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Monson: Some friendly advice for the Jazz — go young

Published December 21, 2011 10:46 am

NBA • Developing Favors, Hayward, Kanter, Burks should be Utah's Priority 1.
This is an archived article that was published on sltrib.com in 2011, and information in the article may be outdated. It is provided only for personal research purposes and may not be reprinted.

The Jazz have a correct decision to make this season. It might come early. It might come late. It might not come at all. But it stands in front of them, blowing smoke in the silhouette of a backlit doorway, like Marlene Dietrich inhaling, exhaling, puckering up, turning a heel and beckoning in tantalizing form and fashion.

They have to decide to bag the old guys and play the young.

There are no righteous conclusions drawn off of one preseason game, the one in which the Jazz got their beans kicked in by the Blazers on Monday night — other than the realization that has repeatedly hit them like fire from a Gatling gun: Yes, they should have re-signed Wesley Matthews — and there will be none drawn in Game 2 on Wednesday night.



But the idea that somehow Ty Corbin is going to make his way by relying on a starting lineup like the one used in Portland — Mehmet Okur, Al Jefferson, C.J. Miles, Raja Bell, and Devin Harris — is not just shortsighted, it's flat blind.

If those guys get the minutes, at the expense of Derrick Favors, Gordon Hayward, Enes Kanter, Jeremy Evans and Alec Burks, Corbin will be setting the club back in its effort to revitalize — Kevin O'Connor won't use the word "rebuild" — a franchise in bad need.

The Jazz must make up their minds what this season is really about. Is it about winning the optimum number of games, however many or few that may be? Or is it about developing young players who might cost you a few games right now, but whose time on the court will teach and help them get where they need to be, so they can win you an extra 10 or 15 games next season?

When Corbin saw the lackluster play of his vets from the tip on Monday night, he went to his bench to let the youngsters play, although the Jazz fell behind and stayed there throughout. It was curious to see the lackluster manner in which the Jazz starters competed, considering what Al Jefferson said just days earlier: "We're going to play hard every night. I got to say, we took some games off last year. We can't afford that this year. We have to stay consistent from Day 1, from the beginning to the end."

Yeah, it was just a preseason game after an elongated offseason, but given that the Jazz have only two rehearsals before running into the Lakers on the road in the opener next week, the initial warm-up might have carried a bit more meaning.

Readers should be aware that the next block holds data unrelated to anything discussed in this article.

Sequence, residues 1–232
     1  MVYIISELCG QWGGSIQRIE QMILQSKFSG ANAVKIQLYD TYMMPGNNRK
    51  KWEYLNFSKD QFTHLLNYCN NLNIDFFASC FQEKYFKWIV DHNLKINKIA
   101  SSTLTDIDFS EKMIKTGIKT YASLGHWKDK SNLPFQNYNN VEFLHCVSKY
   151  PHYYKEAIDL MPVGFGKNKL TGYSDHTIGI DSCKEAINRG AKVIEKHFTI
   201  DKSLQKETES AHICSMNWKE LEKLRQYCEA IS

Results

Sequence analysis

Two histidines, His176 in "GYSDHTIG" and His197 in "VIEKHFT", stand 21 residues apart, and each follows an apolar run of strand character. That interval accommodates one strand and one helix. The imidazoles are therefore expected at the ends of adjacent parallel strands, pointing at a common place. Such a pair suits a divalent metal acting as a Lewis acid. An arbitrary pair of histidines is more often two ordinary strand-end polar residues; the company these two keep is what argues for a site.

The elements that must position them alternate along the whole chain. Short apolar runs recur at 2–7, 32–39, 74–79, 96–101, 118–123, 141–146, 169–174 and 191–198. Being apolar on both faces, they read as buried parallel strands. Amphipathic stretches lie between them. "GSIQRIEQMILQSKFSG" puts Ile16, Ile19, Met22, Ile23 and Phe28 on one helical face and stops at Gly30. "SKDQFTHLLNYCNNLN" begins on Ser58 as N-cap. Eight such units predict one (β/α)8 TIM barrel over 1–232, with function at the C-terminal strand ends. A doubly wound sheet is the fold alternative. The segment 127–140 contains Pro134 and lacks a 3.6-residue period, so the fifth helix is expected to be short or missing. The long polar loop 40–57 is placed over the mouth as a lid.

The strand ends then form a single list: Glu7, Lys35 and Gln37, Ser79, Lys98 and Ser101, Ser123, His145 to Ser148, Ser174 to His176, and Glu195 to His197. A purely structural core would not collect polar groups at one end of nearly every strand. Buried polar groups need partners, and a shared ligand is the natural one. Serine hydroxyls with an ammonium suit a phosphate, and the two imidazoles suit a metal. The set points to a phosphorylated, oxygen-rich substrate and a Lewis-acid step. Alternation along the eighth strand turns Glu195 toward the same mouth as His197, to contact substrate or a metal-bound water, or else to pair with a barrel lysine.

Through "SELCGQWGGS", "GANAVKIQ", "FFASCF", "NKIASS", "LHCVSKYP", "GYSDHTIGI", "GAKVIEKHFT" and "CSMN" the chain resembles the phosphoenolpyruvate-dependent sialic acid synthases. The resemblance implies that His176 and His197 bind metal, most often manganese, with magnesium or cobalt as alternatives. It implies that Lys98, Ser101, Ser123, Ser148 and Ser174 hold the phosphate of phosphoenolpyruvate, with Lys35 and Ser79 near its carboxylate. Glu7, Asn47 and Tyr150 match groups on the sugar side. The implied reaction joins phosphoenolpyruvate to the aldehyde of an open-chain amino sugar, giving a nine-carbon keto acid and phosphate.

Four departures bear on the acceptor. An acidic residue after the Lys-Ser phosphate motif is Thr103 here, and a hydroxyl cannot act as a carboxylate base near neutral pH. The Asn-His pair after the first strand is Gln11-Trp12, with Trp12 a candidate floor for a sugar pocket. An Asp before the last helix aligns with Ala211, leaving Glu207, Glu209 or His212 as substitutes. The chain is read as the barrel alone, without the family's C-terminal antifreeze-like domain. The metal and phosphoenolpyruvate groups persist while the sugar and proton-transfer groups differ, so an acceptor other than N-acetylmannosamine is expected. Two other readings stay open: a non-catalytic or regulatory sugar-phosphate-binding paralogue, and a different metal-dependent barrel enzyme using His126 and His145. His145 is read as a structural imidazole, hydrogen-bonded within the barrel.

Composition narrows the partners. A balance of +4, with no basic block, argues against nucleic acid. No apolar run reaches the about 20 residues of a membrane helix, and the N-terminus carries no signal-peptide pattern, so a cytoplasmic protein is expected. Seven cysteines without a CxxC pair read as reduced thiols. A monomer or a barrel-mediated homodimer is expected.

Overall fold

Either way, the Jazz's decision reaches far beyond that, from the statistical to the philosophical.

They are caught between trying to win with players they know and trying to win and get better with players they don't know. Define for them, then, the meaning of progress. Which is it in this case?

They also know that, on the one hand, the customer excitement that exists for this particular iteration of the Jazz mostly surrounds its youth, and that, on the other, if the team loses too much, fans will quit caring.

But what if green-lighting younger players — Favors was a beast on Monday night — is their straightest course to winning? Whether it is or isn't, the Jazz have to determine for themselves, if they go young, whether they have the organizational strength and courage to manage any kind of veteran revolt.

Corbin will have to play a strong hand.

Like most issues, this one isn't all in or all out. If the Jazz from the beginning give most of the minutes to Favors, Hayward, Kanter and Burks, the cost in the win-loss column would be too steep. Not only do they have to be brought along from a seasoning standpoint, NBA referees would kill them with calls. For whatever reason, respect from behind the whistle comes slowly. But Corbin can mesh Favors, who is still just 20, on the court alongside Jefferson, or Kanter alongside Paul Millsap.

He's got to find combinations and rotations that make sense at the 2 and 3 spots with Hayward, Josh Howard, Evans, Bell, Miles and Burks.

Bell said the young guys benefit from an advantage of having no clue what their limitations are: "They don't know any better."

O'Connor deserves credit for adding experienced pieces to an incomplete mix at this point and not simply caving to the notion of another year without playoffs. But growing the young talent is about as important as anything that will be accomplished this season with no shot at an NBA title in the offing.

Remember that under the current unchanged system the clock is ticking on that young talent, and a player like Favors must be developed and utilized quickly before his time grows short in Utah, a la Deron Williams. If, as assistant coach Jeff Hornacek put it, the Jazz have designs on making "all of our young guys stars," they'd best expedite that process.

Asked if he could be a star this season, Favors said, "If I get the minutes."

A writer once penned: "Age is foolish and forgetful when it underestimates youth."

The Jazz should be and do neither.

GORDON MONSON hosts "The Gordon Monson Show" weekdays from 2-6 p.m. on 97.5 FM/1280 AM The Zone.

 

 

 

 

 

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